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Dog Bite Law

Dog bite law in North Carolina refers to the body of statutory law and common law that determines when a person may recover compensation after being bitten or attacked by a dog. There are several different laws in North Carolina which establish the rules for holding dog owners liable for bite injuries or animal attacks.

One law in North Carolina related to dog bites addresses damage caused by dogs which are at large. According to North Carolina General Statutes section 67-12, a dog owner is strictly liable for damages for all losses that occur if the dog owner allows a dog aged six months or older to run around at large (not under an owner or caregiver’s control) at nighttime.

Another law in North Carolina, found in General Statutes section 67-4.4, imposes strict liability for injuries and damages inflicted by a dangerous dog. Under this code section, an owner is responsible for losses their dangerous dog causes due to harming people, animals, or property.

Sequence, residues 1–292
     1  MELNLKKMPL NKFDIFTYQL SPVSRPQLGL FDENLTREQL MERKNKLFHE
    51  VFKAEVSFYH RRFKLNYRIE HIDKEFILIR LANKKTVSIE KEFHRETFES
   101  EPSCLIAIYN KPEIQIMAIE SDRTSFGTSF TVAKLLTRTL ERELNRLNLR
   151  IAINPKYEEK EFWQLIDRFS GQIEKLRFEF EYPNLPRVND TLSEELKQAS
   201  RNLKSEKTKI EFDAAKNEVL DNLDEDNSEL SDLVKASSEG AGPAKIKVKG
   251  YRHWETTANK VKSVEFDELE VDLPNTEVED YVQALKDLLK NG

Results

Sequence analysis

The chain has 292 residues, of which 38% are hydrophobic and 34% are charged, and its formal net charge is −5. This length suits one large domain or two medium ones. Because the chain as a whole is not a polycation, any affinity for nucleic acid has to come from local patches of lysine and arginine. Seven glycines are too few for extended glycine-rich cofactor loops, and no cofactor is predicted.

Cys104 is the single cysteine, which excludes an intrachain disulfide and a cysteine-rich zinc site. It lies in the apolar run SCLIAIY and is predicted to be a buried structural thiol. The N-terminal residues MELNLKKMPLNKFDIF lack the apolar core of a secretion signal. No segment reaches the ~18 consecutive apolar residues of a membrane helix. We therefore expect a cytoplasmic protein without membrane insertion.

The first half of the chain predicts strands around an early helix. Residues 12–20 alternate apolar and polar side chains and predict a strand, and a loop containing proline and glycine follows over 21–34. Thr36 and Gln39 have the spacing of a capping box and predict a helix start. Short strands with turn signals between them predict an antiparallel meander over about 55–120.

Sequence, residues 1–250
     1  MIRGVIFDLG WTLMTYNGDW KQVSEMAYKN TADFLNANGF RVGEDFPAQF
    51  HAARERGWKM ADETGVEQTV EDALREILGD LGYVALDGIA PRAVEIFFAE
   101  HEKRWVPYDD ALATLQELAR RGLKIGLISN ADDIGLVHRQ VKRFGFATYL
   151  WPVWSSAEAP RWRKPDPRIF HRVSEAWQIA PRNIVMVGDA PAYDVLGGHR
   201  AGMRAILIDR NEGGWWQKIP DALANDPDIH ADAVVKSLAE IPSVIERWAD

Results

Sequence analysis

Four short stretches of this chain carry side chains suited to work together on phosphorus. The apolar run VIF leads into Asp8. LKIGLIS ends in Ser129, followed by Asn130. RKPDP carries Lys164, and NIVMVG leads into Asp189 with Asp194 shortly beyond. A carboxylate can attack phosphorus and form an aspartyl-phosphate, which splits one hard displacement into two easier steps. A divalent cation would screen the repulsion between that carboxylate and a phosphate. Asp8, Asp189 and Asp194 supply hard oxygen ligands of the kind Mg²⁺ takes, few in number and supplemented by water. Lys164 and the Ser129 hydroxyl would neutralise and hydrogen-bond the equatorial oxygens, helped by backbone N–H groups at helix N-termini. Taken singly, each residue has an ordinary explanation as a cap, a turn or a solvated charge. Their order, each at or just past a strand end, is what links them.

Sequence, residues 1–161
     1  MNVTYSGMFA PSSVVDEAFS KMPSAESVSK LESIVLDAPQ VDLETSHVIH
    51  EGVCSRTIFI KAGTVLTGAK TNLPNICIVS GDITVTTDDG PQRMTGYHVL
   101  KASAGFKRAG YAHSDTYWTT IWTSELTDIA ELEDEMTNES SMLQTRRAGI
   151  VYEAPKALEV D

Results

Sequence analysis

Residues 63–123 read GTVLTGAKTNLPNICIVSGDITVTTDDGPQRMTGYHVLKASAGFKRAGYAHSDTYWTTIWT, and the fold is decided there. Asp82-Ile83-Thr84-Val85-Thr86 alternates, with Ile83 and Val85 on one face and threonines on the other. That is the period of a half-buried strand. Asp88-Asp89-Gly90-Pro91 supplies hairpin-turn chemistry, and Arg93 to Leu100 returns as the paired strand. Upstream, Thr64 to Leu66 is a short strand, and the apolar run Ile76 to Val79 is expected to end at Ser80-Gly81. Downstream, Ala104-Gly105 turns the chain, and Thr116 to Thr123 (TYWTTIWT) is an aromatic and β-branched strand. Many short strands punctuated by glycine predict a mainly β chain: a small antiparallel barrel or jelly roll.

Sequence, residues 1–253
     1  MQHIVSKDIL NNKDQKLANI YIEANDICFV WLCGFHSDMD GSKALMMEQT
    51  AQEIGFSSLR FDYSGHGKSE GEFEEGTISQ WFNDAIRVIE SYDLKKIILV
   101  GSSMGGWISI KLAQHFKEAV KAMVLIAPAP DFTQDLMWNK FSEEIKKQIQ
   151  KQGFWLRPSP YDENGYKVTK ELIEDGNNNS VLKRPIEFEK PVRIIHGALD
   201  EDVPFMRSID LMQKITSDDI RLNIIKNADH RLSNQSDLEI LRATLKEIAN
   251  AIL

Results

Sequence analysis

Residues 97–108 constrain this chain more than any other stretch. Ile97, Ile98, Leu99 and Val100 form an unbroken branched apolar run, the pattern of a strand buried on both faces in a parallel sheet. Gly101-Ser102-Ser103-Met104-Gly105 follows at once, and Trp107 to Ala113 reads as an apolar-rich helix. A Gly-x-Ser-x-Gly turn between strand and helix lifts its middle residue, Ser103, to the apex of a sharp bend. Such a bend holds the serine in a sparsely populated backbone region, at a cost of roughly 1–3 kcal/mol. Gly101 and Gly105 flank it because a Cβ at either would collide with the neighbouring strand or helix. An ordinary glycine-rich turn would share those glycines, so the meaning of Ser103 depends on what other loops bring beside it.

General Statute section 67-4.1 explains that a “dangerous dog” is one which has killed or seriously injured someone without provocation in the past. A dog can also be declared as dangerous, or potentially dangerous, for engaging in certain behaviors including serious bite incidents.

If a dog owner is held strictly liable under one of these statutes, this means a bite victim can recover compensation without having to prove negligence. The victim can simply show the bite happened when the dog was at large or after the dog had been declared dangerous.

Victims can also recover compensation in other circumstances as well, by proving they were harmed a result of a negligent failure on the part of the dog’s owner to prevent a bite or attack.

To find out more about North Carolina dog bite law and to determine if you can make a case for compensation if you were hurt by a dog, contact a Charlotte dog bite lawyer today.

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